By Show and Tell
By Bree Davies
By Bree Davies
By Cory Casciato
By Emilie Johnson
By Robin Edwards
By Bree Davis
By Josiah M. Hesse
The projected cost is set at nearly $65 million, with an additional $15 million for a new parking structure to accommodate 1,000 cars. Final numbers will be announced when the city council discusses the bond initiative next month. But as of now, it looks like expanded facilities may be imminently ahead for the DAM.
It's as though CU Galleries director Susan Krane was conspiring with the DAM when she recently gave it a helping hand in making its case for expansion. The current show, Post-War, Pre-Millennium: Selections From the Collection of the Denver Art Museum, is completely made up of pieces from the DAM's packed-to-the-rafters offsite storage rooms. Though some of the pieces will be familiar, most have not been exhibited in public for many years.
The CU Galleries, located in the time-worn Sibell-Wolle Fine Arts Building, is entertaining its own expansion with the construction of a university museum (now a part of campus plans).
Despite appearances, Krane did not organize Post-War, Pre-Millennium in collusion with the DAM's political goals. Rather, she's been thinking about such an exhibit since taking over the CU Galleries in 1996, when she began to study slides of the DAM's permanent collection of contemporary art with the idea of presenting a series of exhibits in Boulder. Post-War, Pre-Millennium is the first of these exhibits.
Before coming to Colorado, Krane worked as a curator in the large contemporary department at the High Museum in Atlanta. She has also done stints with the Albright-Knox in Buffalo and the Walker Fine Arts Center in Minneapolis. Over the years, she has become familiar with the DAM's curator of modern and contemporary art, Dianne Vanderlip, whom Krane saw at art events around the country.
"I had known Dianne for years before I came here. I had an instinctual attraction to her. Our thinking was often parallel," recalls Krane. "I thought she made interesting purchases and took risks in building the collection. But in talking to people around here, I realized that Dianne's accomplishments are underappreciated locally--yet nationally she's very respected. Many people don't realize how well-known Dianne is outside of Colorado: She's made a reputation and helped the museum define itself as a stellar collecting institution." Krane points out that most museums in cities the size of Denver don't actively collect the way the DAM does and instead focus on educational programs.
The show "underscores how the [DAM's] collection is a valuable resource for the community," says Krane, who uses it for her own purposes, choosing fewer than two dozen pieces from the thousands available. In this way she's able to put her own spin on the DAM's contemporary holdings.
Those who are hoping to find an exploration of modern art history since 1945, exemplified by artifacts from the DAM--as clearly suggested by the show's title--will be sadly disappointed. So will those who expect to see a show highlighting the DAM's masterpieces. Instead, Krane has mostly made selections from the very recent past, with only a few of the included pieces over fifteen years old. She has chosen to eschew mainstream modernism, surely the biggest story of the last century, and filled the show with post-modernism. (Perhaps she should have called it Post-Modern, Pre-Millennium.) Even those few older modernist pieces that Krane has included have a mannered, second-generation character about them. But they're still the stand-outs in this show.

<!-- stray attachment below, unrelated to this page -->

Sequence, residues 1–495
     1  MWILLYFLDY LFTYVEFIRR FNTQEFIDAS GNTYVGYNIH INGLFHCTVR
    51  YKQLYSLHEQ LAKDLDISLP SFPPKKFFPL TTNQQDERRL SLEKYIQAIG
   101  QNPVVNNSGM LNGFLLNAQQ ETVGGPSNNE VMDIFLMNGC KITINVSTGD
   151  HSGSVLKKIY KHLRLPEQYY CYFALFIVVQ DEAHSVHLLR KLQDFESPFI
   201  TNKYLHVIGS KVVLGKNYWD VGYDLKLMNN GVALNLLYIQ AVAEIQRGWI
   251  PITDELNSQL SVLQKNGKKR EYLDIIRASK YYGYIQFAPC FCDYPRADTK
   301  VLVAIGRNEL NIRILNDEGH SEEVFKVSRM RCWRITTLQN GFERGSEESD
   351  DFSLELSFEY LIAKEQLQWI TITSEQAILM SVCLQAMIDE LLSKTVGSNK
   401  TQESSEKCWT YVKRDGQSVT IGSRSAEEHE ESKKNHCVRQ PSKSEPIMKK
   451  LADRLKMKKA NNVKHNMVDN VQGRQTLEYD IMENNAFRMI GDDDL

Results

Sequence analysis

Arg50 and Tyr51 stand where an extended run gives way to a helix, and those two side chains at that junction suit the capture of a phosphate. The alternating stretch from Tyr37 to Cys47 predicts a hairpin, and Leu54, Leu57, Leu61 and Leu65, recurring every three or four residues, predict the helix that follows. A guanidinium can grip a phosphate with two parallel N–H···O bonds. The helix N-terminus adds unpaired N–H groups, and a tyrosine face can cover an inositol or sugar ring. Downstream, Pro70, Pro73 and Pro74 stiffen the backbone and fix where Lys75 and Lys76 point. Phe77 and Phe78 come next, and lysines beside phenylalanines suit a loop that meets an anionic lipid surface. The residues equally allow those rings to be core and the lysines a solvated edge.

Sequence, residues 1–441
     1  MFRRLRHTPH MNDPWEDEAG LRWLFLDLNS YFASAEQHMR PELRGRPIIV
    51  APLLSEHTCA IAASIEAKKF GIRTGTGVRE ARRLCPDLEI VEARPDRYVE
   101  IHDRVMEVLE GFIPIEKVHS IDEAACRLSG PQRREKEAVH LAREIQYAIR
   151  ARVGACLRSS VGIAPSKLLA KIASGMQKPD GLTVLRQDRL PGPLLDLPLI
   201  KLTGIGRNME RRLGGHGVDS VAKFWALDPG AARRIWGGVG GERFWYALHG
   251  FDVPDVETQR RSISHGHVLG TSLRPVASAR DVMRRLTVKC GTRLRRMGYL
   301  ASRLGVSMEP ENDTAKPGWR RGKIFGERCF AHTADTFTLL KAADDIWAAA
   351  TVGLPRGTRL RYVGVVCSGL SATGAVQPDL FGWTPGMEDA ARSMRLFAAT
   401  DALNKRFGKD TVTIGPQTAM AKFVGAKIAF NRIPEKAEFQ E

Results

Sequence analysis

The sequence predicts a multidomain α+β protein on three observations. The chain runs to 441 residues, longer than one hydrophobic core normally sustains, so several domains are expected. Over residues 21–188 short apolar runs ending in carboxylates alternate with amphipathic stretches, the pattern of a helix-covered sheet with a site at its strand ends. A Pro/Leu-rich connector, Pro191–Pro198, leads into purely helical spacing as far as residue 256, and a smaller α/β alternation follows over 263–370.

While studying the DAM collection, Krane began to identify currents that ran through it. Post-War, Pre-Millennium focuses on a handful of these.
In the first and smallest of the series of rooms that make up the modest CU Galleries is a section called "Techno Visionaries." In this part of the show is Nam June Paik's "Electronic Fish" of 1986, a popular sculpture of an old television cabinet fitted out with video, audio and mixed media. Korean-born Paik's sculpture looks like a space-age aquarium.
Also in "Techno Visionaries" is "Recognition," a 1990 piece by William Jude Rumley. The piece features a found chair on a platform surrounded by red lights and facing a pair of black speakers. The lights and sounds, including applause and grandiose introductions, are only activated when someone is sitting in the chair. Rumley, who works for the CU Galleries, is one of only three local artists selected by Krane for the show (the other two are deceased).
Continuing into the center space, which has been divided into two discrete rooms, Krane presents "Toward Transcendence," where abstract paintings--or at least abstract ideas--are explored. In this section are some of the biggest names. But even here, Krane preferred to fill the show with recognized artists, as opposed to famous ones.
One of the best-known names in the show is Larry Poons, whose loosely patterned "Reuben," a 1965 acrylic on canvas, is one of the finest things in Post-War, Pre-Millennium. Poons was commenting on formalism, the dominant abstract painting theory of the mid-century, when he laid a spare arrangement of ovals and other circular forms on top of a vibrant pink color field.
Next to the Poons is another old-fashioned modern painting, Vance Kirkland's "Explosions of Energy Near the Sun Fifty Billion Years B.C.," an oil-on-linen from 1978. It's interesting to see how well the deceased Denver artist's effort looks next to the blue chip Poons.